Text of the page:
Failed a Class? 5 Suggestions for Bouncing Back with a Vengeance

No one heads to college thinking that they might fail some of their classes, but it is always a good idea to mentally prepare yourself for any eventuality. Complex subjects, difficult professors, and a hectic lifestyle can all impact your grades, and there may come a point when you need to accept the fact that you are going to fail a class. These situations are never going to be easy, but that doesn’t mean you need to drop out of college or rethink your major. Here are some simple tips that you can use to get back on your feet after you receive a failing grade.

Check on Your Scholarships and Other Forms of Financial Aid

Many different types of financial aid are dependent on your GPA. If you fail a class or your GPA begins to slip, then you must immediately contact a financial advisor to explore your options. Depending on what kind of financial aid you are receiving, you might have to immediately make up the class the next semester. Your financial advisor might also suggest switching over to easier classes for a semester to bring your GPA back up to an acceptable level.

Contact the Professor

Even if you didn’t get along with your professor, you should still try to speak with them after the semester is over. They might be able to give you some insight into what went wrong or how you can do better next semester. Most professors want to see all of their students pass their classes, and talking with them could help you avoid making the same mistakes in the future. At the very least, your honesty and integrity will make a good impression on the professor.

Analyze Why You Failed

Just because a class is difficult or your life is hectic doesn’t mean that your future is out of your hands. You most likely made at least a few decisions that negatively impacted your grades, and you need to analyze those variables before moving forward. In some cases, a few minor logistical changes can drastically improve a student’s grades. That might include spending a little extra time at home on the weekends or setting aside one day each week to catch up on your schoolwork.

Weigh Your Options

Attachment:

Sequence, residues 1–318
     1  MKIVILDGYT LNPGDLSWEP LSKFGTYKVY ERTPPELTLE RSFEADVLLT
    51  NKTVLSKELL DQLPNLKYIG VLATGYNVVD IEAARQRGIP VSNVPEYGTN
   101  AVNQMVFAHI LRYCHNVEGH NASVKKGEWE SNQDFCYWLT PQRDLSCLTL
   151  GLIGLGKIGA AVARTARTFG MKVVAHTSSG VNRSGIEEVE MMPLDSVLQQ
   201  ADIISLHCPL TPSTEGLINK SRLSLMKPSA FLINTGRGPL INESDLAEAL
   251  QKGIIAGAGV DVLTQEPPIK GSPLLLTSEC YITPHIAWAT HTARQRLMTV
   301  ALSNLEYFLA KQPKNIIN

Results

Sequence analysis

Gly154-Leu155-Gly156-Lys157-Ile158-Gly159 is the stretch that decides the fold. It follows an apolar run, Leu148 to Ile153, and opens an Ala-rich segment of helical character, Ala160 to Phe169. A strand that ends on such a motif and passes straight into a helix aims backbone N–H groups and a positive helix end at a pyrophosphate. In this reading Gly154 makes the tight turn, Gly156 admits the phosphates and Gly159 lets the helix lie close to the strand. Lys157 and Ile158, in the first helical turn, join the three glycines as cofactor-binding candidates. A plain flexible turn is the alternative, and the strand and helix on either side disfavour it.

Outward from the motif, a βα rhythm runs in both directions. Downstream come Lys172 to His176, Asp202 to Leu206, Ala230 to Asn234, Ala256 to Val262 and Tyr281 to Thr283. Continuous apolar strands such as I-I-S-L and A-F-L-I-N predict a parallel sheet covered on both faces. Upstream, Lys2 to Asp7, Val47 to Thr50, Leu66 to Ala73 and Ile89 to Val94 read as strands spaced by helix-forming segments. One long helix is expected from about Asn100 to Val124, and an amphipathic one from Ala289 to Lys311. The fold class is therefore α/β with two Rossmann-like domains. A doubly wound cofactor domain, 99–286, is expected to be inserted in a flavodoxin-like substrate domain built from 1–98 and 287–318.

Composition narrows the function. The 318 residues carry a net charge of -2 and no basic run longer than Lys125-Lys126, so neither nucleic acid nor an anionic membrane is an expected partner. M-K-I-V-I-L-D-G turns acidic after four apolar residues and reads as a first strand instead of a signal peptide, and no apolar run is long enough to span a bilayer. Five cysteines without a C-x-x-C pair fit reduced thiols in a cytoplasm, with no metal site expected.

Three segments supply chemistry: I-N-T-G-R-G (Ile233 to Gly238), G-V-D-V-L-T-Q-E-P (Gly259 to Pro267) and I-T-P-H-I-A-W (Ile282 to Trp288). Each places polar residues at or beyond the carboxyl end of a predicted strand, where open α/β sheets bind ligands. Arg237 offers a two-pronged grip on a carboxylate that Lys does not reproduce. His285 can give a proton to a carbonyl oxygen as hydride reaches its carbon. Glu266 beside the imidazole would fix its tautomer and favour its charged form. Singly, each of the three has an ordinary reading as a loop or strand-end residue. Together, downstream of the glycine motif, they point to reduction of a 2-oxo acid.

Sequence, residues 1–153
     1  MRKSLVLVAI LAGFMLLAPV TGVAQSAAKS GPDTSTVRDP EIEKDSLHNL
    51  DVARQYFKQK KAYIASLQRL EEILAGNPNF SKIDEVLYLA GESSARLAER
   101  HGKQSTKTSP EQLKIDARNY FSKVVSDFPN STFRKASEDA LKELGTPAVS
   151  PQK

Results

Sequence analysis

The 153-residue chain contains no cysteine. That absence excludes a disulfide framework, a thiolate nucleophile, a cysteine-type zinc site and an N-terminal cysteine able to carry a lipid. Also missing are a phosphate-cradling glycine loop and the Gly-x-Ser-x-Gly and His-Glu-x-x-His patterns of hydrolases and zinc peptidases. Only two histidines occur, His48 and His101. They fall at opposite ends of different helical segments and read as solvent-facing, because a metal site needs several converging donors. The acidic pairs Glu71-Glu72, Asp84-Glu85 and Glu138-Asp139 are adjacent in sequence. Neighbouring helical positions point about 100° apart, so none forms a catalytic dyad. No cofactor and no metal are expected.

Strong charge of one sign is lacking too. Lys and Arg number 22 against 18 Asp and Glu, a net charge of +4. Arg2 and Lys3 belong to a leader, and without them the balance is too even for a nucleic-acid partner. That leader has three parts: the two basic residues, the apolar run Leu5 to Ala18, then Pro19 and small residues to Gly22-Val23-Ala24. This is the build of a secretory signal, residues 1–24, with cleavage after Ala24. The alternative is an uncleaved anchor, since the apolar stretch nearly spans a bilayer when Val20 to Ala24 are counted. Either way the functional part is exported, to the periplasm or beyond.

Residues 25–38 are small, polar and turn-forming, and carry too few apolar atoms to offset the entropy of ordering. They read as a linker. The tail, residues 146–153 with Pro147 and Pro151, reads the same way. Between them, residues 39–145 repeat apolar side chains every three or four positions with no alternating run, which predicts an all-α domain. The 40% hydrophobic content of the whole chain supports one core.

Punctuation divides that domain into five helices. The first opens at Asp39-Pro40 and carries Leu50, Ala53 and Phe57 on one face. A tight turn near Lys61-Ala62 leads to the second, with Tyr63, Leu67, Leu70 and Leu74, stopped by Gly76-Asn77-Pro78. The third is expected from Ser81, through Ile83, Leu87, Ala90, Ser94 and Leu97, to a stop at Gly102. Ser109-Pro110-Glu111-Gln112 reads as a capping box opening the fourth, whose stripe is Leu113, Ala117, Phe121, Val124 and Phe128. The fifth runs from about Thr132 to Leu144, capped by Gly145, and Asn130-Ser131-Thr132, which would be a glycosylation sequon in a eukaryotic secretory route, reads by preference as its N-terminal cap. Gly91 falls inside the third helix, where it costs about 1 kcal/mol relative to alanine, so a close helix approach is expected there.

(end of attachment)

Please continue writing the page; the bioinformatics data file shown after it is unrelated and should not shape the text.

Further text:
Many students feel hopeless after failing a class, but you are sure to have at least a few options available to you. For most people, the best option will be to retake the class with renewed confidence. You are already going to know the requirements for the course, and that means you will be starting off in a better position than any of the other students. Another possibility is to take an alternative course online or at a different local school. Before signing up for any other classes, you must first make sure that the credits are transferable.

Don’t Neglect Your Physical Health

Very few people realize just how much of an impact their physical health has on their mental health. As a college student, your eating and sleeping habits are going to affect your grades and motivation. You also need to exercise at least a few days week to stabilize your hormones. Eating a healthy diet, staying hydrated, getting plenty of sleep, and exercising are all going to improve your cognitive abilities and your mood. Tackling the next semester will be much easier if you aren’t struggling with nutritional deficiencies and sleep deprivation.

Failing a class is going to impact your academic career, but it doesn’t need to define you as a person. Students who fail classes must sit down and think over all of their options before making any rash decisions. As long as you learned something from the situation, you should be able to quickly move past this roadblock.

Dixie Somer | Guest Blogger

Dixie Somers is a freelance writer and blogger for business, home, and family niches. Dixie lives in Phoenix, Arizona, and is the proud mother of three beautiful girls and wife to a wonderful husband.



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